Since car insurance can be expensive, many drivers only buy the minimum coverage required by state laws. Just enough coverage to drive legally.
This means that drivers are underinsured. If they cause an accident, their minimum coverage will not be enough to pay the medical expenses and/or property damage of the other parties.
Having underinsured motorist coverage will benefit you in this situation. Your costs might not be covered by another driver’s policy. But underinsured motorist coverage (UIM) protects you when you’re in an accident that’s not caused by you. As a result, you won’t have to worry about having to pay out of pocket for any damage.
So how can underinsured motorist coverage help you?
What is underinsured motorist coverage?
Underinsured motorist coverage provides protection for you in an accident if the at-fault driver injures you or damages your car. But their liability coverage isn’t sufficient to pay for damages.
Being underinsured means that the other driver’s liability limits are lower than yours.
UIM refers to separate but similar coverages:
Underinsured motorist bodily injury coverage
This covers medical expenses, lost wages, injury-related expenses, and pain and suffering. This coverage doesn’t just cover you. It protects people under your policy too. This includes family members in other cars, any drivers you’ve given permission to use your car, and passengers in your insured cars.
Underinsured motorist property damage coverage
This coverage pays for any damages to your car by a driver with insufficient insurance in the event of an accident.
How does underinsured motorist coverage work?
For example, let’s say that you are in an accident that causes you a serious injury and another driver is at-fault. If the driver has low liability coverages, their coverage will pay for some of your medical expenses but not all of it.
If you have UIM coverage, this would cover you for the rest of your medical expenses.
Typically, underinsured drivers only purchase the minimum coverage that’s required by law, which in some states really isn’t that much. For instance, car insurance in California only requires drivers to carry $15,000 per person and $30,000 per incident of bodily injury liability insurance.
Is underinsured motorist coverage required?
Underinsured motorist bodily injury coverage is a requirement in 14 states:
- New Jersey
- North Carolina
- North Dakota
- South Dakota
Underinsured motorist property damage coverage is only required in 4 states:
- New Hampshire
- Washington, DC
How much underinsured motorist coverage do I need?
Depending on which state you live in, the minimum coverage limits vary. Despite this, the safest choice you can make is always purchasing more than the state’s minimum limits.
As a general rule, your underinsured motorist bodily injury coverage should match your liability limits. This way, you’re covered for just as much as you’ve chosen to insure for someone else.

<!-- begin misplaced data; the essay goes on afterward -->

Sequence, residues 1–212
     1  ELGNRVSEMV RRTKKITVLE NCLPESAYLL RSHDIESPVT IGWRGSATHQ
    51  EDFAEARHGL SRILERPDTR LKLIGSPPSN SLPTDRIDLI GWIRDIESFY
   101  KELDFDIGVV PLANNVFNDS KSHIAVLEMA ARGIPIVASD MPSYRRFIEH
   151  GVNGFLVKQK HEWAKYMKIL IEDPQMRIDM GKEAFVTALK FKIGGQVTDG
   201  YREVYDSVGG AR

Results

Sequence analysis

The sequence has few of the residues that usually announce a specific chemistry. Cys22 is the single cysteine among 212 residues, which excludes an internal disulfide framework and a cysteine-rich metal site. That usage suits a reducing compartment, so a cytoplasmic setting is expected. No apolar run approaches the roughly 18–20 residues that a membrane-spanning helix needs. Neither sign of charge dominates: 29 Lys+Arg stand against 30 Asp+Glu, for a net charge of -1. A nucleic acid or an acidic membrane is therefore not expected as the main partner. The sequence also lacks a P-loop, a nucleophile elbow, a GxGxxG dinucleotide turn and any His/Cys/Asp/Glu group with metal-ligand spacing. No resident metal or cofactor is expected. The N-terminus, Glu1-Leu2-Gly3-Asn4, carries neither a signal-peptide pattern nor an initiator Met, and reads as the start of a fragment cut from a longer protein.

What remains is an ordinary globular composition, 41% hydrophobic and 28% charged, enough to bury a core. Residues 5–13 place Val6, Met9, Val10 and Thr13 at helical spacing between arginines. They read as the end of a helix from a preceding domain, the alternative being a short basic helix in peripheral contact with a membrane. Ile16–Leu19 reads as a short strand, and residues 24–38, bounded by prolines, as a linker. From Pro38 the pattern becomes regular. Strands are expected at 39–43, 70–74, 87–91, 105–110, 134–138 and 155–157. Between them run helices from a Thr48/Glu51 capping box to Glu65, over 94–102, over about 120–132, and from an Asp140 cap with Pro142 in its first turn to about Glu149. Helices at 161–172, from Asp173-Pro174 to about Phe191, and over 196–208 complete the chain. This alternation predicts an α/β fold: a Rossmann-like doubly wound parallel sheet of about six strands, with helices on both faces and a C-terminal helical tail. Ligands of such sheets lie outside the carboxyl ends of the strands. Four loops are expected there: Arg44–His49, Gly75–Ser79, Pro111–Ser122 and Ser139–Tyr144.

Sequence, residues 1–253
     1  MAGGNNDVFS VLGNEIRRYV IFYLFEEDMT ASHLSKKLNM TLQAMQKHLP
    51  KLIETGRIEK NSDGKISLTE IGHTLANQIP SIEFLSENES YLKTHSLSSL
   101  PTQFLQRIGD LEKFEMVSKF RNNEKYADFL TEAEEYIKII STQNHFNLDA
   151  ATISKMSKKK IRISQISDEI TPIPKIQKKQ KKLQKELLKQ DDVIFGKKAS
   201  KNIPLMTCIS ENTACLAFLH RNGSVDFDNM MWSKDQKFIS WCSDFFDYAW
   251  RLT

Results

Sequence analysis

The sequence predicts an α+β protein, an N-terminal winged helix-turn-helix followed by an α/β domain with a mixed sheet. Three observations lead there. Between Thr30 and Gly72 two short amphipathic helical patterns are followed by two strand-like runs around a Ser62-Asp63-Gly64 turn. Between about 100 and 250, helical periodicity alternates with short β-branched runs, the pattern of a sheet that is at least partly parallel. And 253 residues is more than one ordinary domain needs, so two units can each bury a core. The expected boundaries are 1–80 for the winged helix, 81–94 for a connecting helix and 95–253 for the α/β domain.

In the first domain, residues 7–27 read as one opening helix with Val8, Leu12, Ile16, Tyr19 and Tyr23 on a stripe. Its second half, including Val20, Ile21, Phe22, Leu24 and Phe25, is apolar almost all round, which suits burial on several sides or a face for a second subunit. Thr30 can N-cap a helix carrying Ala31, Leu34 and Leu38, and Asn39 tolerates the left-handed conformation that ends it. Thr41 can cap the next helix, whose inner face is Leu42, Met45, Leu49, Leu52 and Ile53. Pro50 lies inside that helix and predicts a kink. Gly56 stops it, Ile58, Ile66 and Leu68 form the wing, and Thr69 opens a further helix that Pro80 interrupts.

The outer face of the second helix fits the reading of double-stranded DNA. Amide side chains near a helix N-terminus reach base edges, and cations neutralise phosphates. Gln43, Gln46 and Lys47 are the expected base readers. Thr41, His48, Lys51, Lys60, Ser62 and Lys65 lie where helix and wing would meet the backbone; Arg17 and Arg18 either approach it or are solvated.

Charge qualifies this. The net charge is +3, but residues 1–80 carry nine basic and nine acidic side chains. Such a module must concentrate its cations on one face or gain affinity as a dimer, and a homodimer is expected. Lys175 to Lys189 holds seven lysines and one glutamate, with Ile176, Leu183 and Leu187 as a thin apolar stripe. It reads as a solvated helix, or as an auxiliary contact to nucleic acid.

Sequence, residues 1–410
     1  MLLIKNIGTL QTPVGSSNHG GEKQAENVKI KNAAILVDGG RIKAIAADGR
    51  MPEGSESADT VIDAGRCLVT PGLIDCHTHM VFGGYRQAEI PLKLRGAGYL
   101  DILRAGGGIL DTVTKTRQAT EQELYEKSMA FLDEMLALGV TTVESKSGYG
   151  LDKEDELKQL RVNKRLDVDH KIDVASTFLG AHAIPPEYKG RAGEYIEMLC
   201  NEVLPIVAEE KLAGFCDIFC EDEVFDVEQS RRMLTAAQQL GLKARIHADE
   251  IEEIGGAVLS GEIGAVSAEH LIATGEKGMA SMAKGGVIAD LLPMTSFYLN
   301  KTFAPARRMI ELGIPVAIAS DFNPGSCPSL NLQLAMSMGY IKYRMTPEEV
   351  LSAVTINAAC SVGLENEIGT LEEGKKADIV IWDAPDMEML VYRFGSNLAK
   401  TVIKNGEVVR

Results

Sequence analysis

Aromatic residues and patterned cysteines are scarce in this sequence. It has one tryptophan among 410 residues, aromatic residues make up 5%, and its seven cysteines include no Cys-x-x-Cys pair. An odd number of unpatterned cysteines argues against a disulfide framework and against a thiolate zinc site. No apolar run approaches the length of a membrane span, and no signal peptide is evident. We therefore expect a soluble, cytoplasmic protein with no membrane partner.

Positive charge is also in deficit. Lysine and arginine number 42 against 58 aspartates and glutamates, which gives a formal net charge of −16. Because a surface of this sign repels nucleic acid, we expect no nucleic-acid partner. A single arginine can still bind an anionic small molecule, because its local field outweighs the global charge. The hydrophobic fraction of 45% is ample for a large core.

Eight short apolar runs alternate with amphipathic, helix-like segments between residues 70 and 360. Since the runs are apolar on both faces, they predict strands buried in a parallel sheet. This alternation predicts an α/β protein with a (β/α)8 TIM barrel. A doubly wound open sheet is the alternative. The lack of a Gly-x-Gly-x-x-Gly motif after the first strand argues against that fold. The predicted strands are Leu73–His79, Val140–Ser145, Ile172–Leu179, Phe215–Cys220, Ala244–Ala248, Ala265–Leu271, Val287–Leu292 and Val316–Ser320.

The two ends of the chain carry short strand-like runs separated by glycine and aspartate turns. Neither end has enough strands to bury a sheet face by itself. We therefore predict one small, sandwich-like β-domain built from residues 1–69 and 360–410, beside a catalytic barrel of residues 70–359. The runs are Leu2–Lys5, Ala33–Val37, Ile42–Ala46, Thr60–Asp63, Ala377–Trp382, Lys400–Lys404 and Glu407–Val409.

If you have Personal Injury Protection (PIP) or MedPay, this would cover your medical expenses if you sustained any injuries in an accident. After you’ve exhausted your PIP limits, UIM covers your remaining medical expenses. Therefore, you wouldn’t have to pay out of pocket.
As for underinsured motorist property damage, this is completely up to you. Typically, people choose a limit that is close as possible to the value of their vehicle. Although if you already have collision coverage, you don’t need to purchase UIMPD because it would be redundant.
Stacked vs. unstacked insurance
Essentially, stacked insurance increases your underinsured motorist coverage limits in relation to how many vehicles you’ve insured.
What this does is it enables you to combine the coverage limits you have on each vehicle under that one policy. In other words, you can claim a higher amount in the event that you’re hit by an underinsured driver.
Is underinsured motorist coverage worth it?
Of course, it’s up to you whether you want to purchase it for the peace of mind it offers.
At any rate, it’s a good idea to have since it’s inexpensive. Generally, it doesn’t add too much to what you’re probably already paying for car insurance.
Although it varies by city and state, on average you can expect to pay around 5 percent of your annual car insurance premium for the coverage. You should really only consider skipping it if you can’t afford insurance with it on your policy.
You should have it since it covers your medical expenses and/or damage to your car without having to pay out of pocket after an accident.
Uninsured vs underinsured
Uninsured motorist coverage works in a similar manner to underinsured motorist coverage. As a result, they are often offered as a package by insurers.
Uninsured coverage means that your insurer covers certain costs in the event that you’re in an accident and the at-fault driver doesn’t carry liability insurance. And with this policy, you are also covered in hit-and-run accidents.
Uninsured coverage comes with bodily injury and property damage coverage as well.
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